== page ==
African American Voting Rights Essay

In that case, two inspectors of elections in Kentucky were indicted for their refusal to receive and count any vote of a black candidate in a city election.[21] The Supreme Court dismissed the indictments on the grounds that the Enforcement Act of 1870’s provisions for punishing state election officials for depriving voting rights[22] exceeded the power of Congress to regulate elections.[23] By narrowly interpreting legislative and executive Reconstruction power, the Supreme Court decisions during this era paved the way for the federal government to withdraw from the field of substantive civil rights enforcement for nearly a century.[24] Other techniques by Southern states included literacy tests, arbitrary registration practices, and poll taxes.

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Delegate Benjamin Martin, a Democrat from Philadelphia County, spoke for the majority at the Pennsylvania convention when he said, “It is altogether futile and useless to pursue the experiment of making the African and Indian equal to the white citizen.” Perhaps thinking about the Fogg suit, Martin continued that voting rights would ill-serve blacks, because an aroused public would turn them away from the polls, thus “holding out expectations to them which could never be realized.” He warned of attracting African Americans to the state.

Look to Philadelphia, he said, where blacks congregate “from all the southern States, and have so corrupted each other, that they are now in a situation far worse than the bondage from which they have escaped.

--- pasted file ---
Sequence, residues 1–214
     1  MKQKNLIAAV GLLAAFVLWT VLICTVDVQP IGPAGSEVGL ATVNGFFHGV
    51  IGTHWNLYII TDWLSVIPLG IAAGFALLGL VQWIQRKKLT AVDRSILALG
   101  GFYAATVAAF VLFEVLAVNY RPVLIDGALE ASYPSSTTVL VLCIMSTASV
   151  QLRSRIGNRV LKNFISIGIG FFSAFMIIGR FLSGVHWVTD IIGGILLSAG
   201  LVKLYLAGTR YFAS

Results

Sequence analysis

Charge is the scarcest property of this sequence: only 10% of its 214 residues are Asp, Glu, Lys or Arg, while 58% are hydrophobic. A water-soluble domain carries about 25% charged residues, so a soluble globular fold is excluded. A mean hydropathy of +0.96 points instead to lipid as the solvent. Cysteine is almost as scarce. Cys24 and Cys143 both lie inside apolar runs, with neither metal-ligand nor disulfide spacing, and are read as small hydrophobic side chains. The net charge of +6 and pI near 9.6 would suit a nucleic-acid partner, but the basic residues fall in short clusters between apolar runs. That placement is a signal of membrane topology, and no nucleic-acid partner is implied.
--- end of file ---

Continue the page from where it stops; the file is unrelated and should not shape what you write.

Next, this essay will look at the passage of the Voting Rights Act of 1965, including its purpose and immediate impact.

This essay will then proceed to examine the Supreme Court’s 2013 decision in impacted the electoral process.

The Fifteenth Amendment did pass in 1870, but it did not explicitly grant voting rights to minorities, it only prohibited the states from denying the right to vote based on race, color, or condition of previous servitude.

After Reconstruction, states evaded the Amendment with seemingly race-neutral laws such as literacy tests and poll taxes. Supreme Court overturned a piece of the Voting Rights Act.This shift in voting rights did not occur without challenge.In Pennsylvania, in 1835, William Fogg, an African American whom election officials had turned away from the polls, filed America’s first voting rights lawsuit. Hobbs, he charged that election officials had violated the state’s color-blind constitution—“all men are born equally free and independent”—by barring him from voting just because he looked black.In 1860, no state imposed property qualifications for voting and only a half-dozen had tax-paying requirements.As the winners in this new political order, white men shaped the nation’s laws and policies without regard to women or minorities.This omission allowed states to suppress the votes of non-whites by various means.In the antebellum period, the pattern of suppression was deregulatory and explicit, as Americans pursued the ideal of a “white man’s republic.” States expanded the franchise for white males by eliminating property and tax-paying qualifications for voting, while at the same time explicitly excluding women, Native Americans, and African Americans.In the 18th century, African Americans who met other qualifications could vote in most states of the new republic.But by the mid-19th century, those suffrage rights had been lost. After the war, African American men regained the right to vote—only to lose those rights within decades, after Reconstruction.The more that efforts to suppress voting rights in America change, the more they remain the same.From the earliest days of the republic to the present, politicians have sought to limit the ability of non-whites to vote.

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